Heavy Meddle: My Friend Is Addicted To Women

This article is more than 7 years old.

Dear Steve,

A close friend of mine is addicted to women. That is to say, women are what motivates him in most of what he does. He admits and even flaunts this fact, but he seems to regard his needs as a combination of natural, inborn maleness and an honest willingness to pursue the very best that life has to offer. For the most part, he gets what he wants, and no one seems to mind, myself included.

But, at times, his needs do negatively impact others. For example, when we go out on the town, he refuses to let the night end until he has either fulfilled his need or has announced with affected confidence that it’s a lost cause (“man, this place sucks,” “these chicks aren’t even good-looking,” etc.).

Or worse, whenever the attention isn’t squarely on him or if I’m having luck and he isn’t, he turns from the greatest guy you can imagine to a pouting child. He gets twitchy like a junkie without a fix in sight.

This may seem self-important, but I honestly feel that with me around, he feels threatened. We talk regularly but he’s started to avoid any group situation involving me. I think his need to have dominance or control in a social hierarchy stems from unresolved issues from his childhood.

The most maddening part is his apparent lack of self-awareness: In other words, he’s able to recognize this exact same behavior in others, but, I think, unwilling to turn his focus inward.


Ordinarily I’d stay out of it, but I really value our friendship.

How do you suggest I approach this? I want him in my life, but I’m losing my patience.


Trying Not to Hate the Player

Dear Trying,

Your letter reminded me, not happily, of a book I reviewed a few years back. It was called “The Game” by Neil Strauss and it was about the world of pick up artists. Here’s what struck me as strange and unsettling about that community: they were men who supposedly loved women and yet they continually used their alleged power over woman to impress other men. Here’s how Strauss himself put it: “I was in the game to have more women in my life, not men. And though the community was all about women, it was also completely devoid of them … The point was women; the result was men.”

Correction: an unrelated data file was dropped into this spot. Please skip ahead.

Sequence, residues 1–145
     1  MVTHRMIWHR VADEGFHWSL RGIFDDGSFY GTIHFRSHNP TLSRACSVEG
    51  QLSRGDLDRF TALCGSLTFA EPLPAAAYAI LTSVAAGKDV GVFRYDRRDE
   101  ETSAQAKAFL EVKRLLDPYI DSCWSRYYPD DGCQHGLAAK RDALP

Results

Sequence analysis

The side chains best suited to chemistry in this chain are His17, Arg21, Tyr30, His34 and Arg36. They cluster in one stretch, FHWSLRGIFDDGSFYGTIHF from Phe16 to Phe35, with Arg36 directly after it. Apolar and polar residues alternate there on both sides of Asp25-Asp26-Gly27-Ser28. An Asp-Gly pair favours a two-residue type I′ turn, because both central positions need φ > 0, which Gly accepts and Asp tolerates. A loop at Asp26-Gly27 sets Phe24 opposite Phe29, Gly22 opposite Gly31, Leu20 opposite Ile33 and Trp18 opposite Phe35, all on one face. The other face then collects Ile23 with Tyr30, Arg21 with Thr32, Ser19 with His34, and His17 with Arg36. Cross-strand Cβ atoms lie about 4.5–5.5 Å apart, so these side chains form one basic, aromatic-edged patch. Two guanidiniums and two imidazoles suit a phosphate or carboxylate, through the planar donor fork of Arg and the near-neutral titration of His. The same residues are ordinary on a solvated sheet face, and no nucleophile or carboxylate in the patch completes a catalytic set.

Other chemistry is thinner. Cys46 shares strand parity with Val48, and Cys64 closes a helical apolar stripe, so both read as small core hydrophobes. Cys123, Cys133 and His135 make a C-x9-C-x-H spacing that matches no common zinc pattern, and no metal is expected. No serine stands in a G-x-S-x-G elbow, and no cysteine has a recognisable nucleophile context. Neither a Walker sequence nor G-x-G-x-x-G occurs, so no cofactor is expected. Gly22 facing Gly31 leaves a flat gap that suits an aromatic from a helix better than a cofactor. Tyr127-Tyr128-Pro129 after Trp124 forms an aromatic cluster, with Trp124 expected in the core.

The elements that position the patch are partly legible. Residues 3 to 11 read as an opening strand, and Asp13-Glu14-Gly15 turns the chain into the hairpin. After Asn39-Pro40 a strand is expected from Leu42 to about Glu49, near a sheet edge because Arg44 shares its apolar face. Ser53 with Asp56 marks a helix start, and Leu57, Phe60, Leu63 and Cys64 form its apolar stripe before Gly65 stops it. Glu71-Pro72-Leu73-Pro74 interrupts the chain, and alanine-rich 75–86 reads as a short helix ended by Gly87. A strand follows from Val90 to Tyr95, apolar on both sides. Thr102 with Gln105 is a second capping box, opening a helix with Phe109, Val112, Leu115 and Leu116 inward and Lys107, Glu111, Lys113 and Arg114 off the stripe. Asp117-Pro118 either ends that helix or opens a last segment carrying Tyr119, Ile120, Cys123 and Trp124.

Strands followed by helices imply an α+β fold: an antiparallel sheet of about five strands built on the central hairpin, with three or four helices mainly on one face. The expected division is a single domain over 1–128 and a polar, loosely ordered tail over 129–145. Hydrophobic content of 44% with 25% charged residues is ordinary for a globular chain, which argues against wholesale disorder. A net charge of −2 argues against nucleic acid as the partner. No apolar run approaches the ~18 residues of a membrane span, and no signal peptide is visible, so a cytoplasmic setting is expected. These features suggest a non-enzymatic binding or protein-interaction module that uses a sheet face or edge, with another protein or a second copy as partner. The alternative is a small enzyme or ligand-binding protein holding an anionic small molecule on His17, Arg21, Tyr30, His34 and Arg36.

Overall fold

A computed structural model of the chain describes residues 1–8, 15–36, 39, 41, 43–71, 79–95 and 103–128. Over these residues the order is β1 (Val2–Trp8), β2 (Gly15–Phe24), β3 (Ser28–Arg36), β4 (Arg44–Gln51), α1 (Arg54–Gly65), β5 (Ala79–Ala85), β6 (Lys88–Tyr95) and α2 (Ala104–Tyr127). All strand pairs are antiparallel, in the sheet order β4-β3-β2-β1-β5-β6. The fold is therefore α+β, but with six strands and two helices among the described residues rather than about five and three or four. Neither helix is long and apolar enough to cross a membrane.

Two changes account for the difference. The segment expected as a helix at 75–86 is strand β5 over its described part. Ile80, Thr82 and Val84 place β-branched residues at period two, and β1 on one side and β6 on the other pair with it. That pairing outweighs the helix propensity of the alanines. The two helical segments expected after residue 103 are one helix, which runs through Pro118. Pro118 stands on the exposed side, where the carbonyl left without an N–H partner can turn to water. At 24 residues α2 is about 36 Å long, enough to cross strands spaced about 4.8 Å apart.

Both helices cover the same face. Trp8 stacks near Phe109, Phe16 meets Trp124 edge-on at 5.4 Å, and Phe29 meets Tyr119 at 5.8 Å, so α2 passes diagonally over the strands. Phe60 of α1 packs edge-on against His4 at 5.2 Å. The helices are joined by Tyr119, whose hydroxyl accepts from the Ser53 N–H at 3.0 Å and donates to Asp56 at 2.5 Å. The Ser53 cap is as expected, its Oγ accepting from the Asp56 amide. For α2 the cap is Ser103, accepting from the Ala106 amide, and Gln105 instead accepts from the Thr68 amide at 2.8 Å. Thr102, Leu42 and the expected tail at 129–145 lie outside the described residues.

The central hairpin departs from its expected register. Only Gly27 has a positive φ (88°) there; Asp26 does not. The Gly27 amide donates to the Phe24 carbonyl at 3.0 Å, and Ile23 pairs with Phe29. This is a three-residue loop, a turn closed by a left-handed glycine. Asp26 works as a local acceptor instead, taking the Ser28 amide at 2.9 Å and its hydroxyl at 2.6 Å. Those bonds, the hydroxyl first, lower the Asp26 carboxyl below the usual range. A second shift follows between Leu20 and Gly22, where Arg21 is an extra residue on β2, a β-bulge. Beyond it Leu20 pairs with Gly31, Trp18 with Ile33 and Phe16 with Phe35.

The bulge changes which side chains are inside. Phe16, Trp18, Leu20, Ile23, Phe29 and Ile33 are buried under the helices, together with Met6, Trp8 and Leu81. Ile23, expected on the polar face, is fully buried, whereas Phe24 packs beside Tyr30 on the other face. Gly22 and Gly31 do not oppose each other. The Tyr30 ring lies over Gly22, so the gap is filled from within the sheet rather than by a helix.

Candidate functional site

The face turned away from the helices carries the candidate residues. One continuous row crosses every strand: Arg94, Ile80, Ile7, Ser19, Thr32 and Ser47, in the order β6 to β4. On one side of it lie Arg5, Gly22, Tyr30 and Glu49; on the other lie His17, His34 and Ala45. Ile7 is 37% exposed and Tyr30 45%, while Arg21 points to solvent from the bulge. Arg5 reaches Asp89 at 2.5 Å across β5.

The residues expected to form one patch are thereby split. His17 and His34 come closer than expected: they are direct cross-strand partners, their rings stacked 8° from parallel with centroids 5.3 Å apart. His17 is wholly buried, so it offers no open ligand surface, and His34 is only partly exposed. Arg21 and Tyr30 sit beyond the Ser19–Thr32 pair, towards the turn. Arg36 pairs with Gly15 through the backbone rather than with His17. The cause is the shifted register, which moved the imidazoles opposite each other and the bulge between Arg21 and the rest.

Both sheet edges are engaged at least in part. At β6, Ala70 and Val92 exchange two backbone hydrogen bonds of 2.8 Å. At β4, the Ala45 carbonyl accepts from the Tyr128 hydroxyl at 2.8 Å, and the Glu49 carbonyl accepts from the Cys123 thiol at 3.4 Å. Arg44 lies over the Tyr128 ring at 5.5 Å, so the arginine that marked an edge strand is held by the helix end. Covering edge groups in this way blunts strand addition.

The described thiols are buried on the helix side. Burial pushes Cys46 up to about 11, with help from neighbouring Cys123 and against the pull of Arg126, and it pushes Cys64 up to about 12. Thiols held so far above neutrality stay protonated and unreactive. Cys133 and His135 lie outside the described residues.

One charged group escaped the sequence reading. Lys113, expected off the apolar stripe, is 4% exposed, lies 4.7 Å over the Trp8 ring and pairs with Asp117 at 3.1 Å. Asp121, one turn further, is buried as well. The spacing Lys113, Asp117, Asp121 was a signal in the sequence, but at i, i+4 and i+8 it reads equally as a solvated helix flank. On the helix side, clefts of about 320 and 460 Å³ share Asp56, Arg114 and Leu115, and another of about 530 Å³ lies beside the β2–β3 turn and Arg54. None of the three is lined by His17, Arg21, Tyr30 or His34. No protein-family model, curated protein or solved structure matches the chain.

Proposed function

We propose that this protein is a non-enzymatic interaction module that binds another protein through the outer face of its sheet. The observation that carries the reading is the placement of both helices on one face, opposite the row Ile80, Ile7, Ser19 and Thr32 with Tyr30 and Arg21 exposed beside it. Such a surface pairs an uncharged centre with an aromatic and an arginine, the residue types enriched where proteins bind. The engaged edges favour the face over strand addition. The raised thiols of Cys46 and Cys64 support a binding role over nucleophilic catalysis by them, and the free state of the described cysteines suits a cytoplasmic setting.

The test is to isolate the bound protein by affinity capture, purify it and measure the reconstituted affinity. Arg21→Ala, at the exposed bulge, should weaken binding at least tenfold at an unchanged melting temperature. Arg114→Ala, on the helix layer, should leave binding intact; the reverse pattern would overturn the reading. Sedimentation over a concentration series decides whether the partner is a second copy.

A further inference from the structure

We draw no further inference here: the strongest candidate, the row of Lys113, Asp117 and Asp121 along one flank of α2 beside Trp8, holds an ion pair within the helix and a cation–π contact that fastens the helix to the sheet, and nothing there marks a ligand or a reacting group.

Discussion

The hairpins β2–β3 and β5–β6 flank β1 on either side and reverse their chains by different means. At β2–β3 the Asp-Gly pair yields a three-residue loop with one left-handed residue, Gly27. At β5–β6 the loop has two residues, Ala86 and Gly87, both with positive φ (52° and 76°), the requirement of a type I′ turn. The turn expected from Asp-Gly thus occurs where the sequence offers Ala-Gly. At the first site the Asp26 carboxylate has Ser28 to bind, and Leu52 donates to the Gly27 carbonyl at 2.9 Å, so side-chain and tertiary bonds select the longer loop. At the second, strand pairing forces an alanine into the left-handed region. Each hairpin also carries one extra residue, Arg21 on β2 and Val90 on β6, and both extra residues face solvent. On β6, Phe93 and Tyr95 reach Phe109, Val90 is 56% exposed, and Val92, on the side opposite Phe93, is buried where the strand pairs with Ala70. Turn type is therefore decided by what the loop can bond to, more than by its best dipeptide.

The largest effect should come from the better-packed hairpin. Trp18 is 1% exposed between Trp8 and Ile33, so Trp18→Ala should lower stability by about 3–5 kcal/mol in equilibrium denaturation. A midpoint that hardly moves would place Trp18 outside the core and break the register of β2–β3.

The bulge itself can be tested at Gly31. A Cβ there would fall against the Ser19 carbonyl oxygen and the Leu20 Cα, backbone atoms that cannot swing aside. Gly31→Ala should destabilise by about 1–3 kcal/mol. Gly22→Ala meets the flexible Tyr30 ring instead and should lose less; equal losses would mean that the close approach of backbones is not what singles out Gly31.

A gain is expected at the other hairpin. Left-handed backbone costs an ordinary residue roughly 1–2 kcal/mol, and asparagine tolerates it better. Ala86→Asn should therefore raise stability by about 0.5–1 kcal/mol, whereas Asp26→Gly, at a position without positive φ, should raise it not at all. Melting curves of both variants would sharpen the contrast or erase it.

I mention this because, frankly, your friend sounds a lot like the dudes profiled in the book: insecure Lotharios whose pursuit of women was a veiled and unconscious effort to draw closer to other men.

You claim to value his friendship, but portray him as a fragile narcissist who gets hissy when he’s not the top dog in a pack.

Also: Does he really refer to women as “chicks”? That is so totally boss.

What’s saddest to me about your letter, though, is that it remains unclear to me why you like or respect your friend in the first place. You claim to value his friendship, but portray him as a fragile narcissist who gets hissy when he’s not the top dog in a pack.

For that matter, all I know about you, Trying, is that you’re even better with the ladies than your buddy and that you’re making an effort to look past his flaws and keep him as a friend. Your account sounds pretty self-serving, frankly.

Then again, I was a bigger tool than either of you throughout my twenties (and thirties) so maybe I should just shut my pie-hole and answer your question.

Invite your pal out for a drink, preferably at a location without a lot of women around, such as a sports bar or a synagogue. Tell him that you value him as a friend, and elaborate on why, and confess to him that you fear your friendship is drifting. See what he has to say. I’d avoid talking about women, or who’s the bigger stud, or any of that crap. If he’s ready to open up to you about his frustrations or insecurities, well then, maybe you can reach a deeper level of connection.

But don’t be surprised if he’s not ready to open up, especially to you, whom he apparently sees as a romantic rival.

In the end, you’re not the guy’s therapist. You may just have to accept that he’s got certain limitations as a friend, at least for now, and in relation to you.

What matters most in any friendship is the mutual capacity to communicate honestly. For men, this often means moving beyond a certain strain of compensatory macho bullshiz. I hope you find that sweet spot with your pal. And if you can’t, that you’ll seek it elsewhere.

Good luck,

Steve ♥

Okay folks, now it's your turn. Did I get it right, or muck it up? Let me know in the comments section. And please do send your own question along, the more detailed the better. Even if I don't have a helpful response, chances are someone in the comments section will. Send your dilemmas via email.

This program aired on August 19, 2013. The audio for this program is not available.